G E O P O L I T I K O N

Spectacolul ideilor pe hartă

15/ian/2010 EURAST recomandă: Z. Brzezinski face analiza geopolitică a politicii externe a a primului an de mandat Obama (5/6). SUA şi Rusia & China

(În ultimul număr (ianuarie-februarie 2010 al revistei Foreign Affairs, Zbigniew Brzezinski (consilier de securitate al preşedinţilor SUA între 1977 şi 1981) face un bilanţ al primului an al administraţiei Barack Obama din punctul de vedere al liniilor de politică externă urmărite. Vom relua aici acest text în integralitate, în serial. Astăzi, despre relaţiile SUA cu Rusia şi China – EURAST)

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From Hope to Audacity

Appraising Obama’s Foreign Policy (V)

Zbigniew Brzezinski

Foreign Affairs /// January/February 2010

 

KEY STRATEGIC RELATIONSHIPS

The president, in addition to coping with these immediate challenges, has indicated his intent to improve three key geopolitical relationships of the United States: with Russia, with China, and with Europe. Each involves longer-term dilemmas but does not require crisis management now. Each has its own peculiarities: Russia is a former imperial power with revisionist ambitions but declining social capital; China is a rising world power that is modernizing itself at an astonishing pace but deliberately downplaying its ambitions; Europe is a global economic power devoid of either military clout or political will. Obama has rightly indicated that the United States needs to collaborate more closely with each of them.

 

Hence, the administration decided to „reset” the United States’ relationship with Russia. But that slogan is confusing, and it is not yet clear that Washington’s wishful thinking about Moscow’s shared interests on such matters as Iran is fully justified. Nonetheless, the United States must think strategically about its long-term relationship with Russia and pursue a two-track policy: it has to cooperate with Russia whenever doing so is mutually beneficial, but in a way that is also responsive to historical reality. The age of closed empires is over, and Russia, for the sake of its own future, will eventually have to accept this.

 

Seeking to expand cooperation with Russia does not mean condoning Russia’s subordination of Georgia (through which the vital Baku-Tbilisi-Ceyhan pipeline passes, providing Europe with access to Central Asian energy) or its intimidation of Ukraine (an industrial and agricultural heartland of the former Soviet Union). Either move would be a giant step backward. Each would intensify Russia’s imperial nostalgia and central Europe’s security fears, not to mention increase the possibility of armed conflicts. Yet so far, the Obama administration has been quite reluctant to provide even purely defensive arms to Georgia (in contrast to Russia’s provision of offensive weaponry to Venezuela), nor has it been sufficiently active in encouraging the EU to be more responsive to Ukraine’s European aspirations. Fortunately, Vice President Biden’s fall 2009 visit to Poland, Romania, and the Czech Republic did reaffirm the United States’ long-term interest in political pluralism within the former Soviet space and in a cooperative relationship with a truly postimperial Russia. And it should always be borne in mind that the survival of the former makes the latter more likely.

 

A longer-term effort to engage China in a more forthcoming approach to global problems is also needed. China is, as it has proclaimed, „rising peacefully,” and unlike Russia, it is patiently self-confident. But one can also argue that China is rising somewhat selfishly and needs to be drawn more broadly into constructive cooperation on global economic, financial, and environmental decisions. It also has growing political influence over geopolitical issues that affect core U.S. interests: North Korea, Iran, Afghanistan and Pakistan, and even the Israeli-Palestinian conflict.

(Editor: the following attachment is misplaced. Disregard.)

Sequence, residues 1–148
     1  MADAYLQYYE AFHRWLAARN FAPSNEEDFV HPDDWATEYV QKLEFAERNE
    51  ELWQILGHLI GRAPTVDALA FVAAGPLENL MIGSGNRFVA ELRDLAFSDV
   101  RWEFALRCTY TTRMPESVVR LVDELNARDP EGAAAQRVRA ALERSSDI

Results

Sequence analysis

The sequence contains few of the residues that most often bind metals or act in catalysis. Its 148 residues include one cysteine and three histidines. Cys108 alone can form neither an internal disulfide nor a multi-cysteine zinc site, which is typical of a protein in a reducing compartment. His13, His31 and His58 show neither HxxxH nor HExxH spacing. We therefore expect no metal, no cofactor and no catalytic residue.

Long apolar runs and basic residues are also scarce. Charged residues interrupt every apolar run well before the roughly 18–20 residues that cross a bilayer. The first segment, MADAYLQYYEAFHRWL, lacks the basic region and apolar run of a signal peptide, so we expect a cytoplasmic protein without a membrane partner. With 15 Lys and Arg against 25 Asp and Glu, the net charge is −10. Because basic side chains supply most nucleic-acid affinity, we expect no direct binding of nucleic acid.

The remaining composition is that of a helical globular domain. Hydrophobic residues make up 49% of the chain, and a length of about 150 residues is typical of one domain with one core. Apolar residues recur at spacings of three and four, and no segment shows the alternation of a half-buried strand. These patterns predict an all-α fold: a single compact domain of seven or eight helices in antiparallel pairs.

Thus, Obama’s decision to develop a top-level bilateral U.S.-Chinese relationship has been timely. Cultivating at the presidential-summit level a de facto geopolitical G-2 (not to be confused with proposals for an economic G-2), highlighted by Obama’s November visit to China, is helping develop an increasingly significant strategic dialogue. The leaders of the United States and China recognize that both countries have a major stake in an effectively functioning world system. And they appear to appreciate the historic potential and the respective national interests inherent in such a bilateral relationship.

 

Paradoxically, despite Obama’s expressed desire, there seem to be fewer prospects in the near future for a strategically significant enhancement of the United States’ relationship with its closest political, economic, and military partner: Europe. Obama’s predecessor left a bitter legacy there, which Obama has greatly redressed in terms of public opinion. But genuine strategic cooperation on a global scale is not possible with a partner that not only has no defined and authoritative political leadership but also lacks an internal consensus regarding its world role.

 

 Hence, Obama’s intent to reignite the Atlantic partnership is necessarily limited to dialogues with the three key European states with genuine international clout: the United Kingdom, Germany, and France. But the utility of such dialogues is reduced by the personal and political differences among these countries’ leaders – not to mention the British prime minister’s grim political prospects, the French president’s preoccupation with personal celebrity, and the German chancellor’s eastward gaze. The emergence of a unified and therefore influential European worldview, with which Obama could effectively engage, seems unlikely anytime soon.

Anunțuri

15 Ianuarie 2010 - Posted by | Bibliografii, Geopolitica, Intelo, Istorie | , , , , ,

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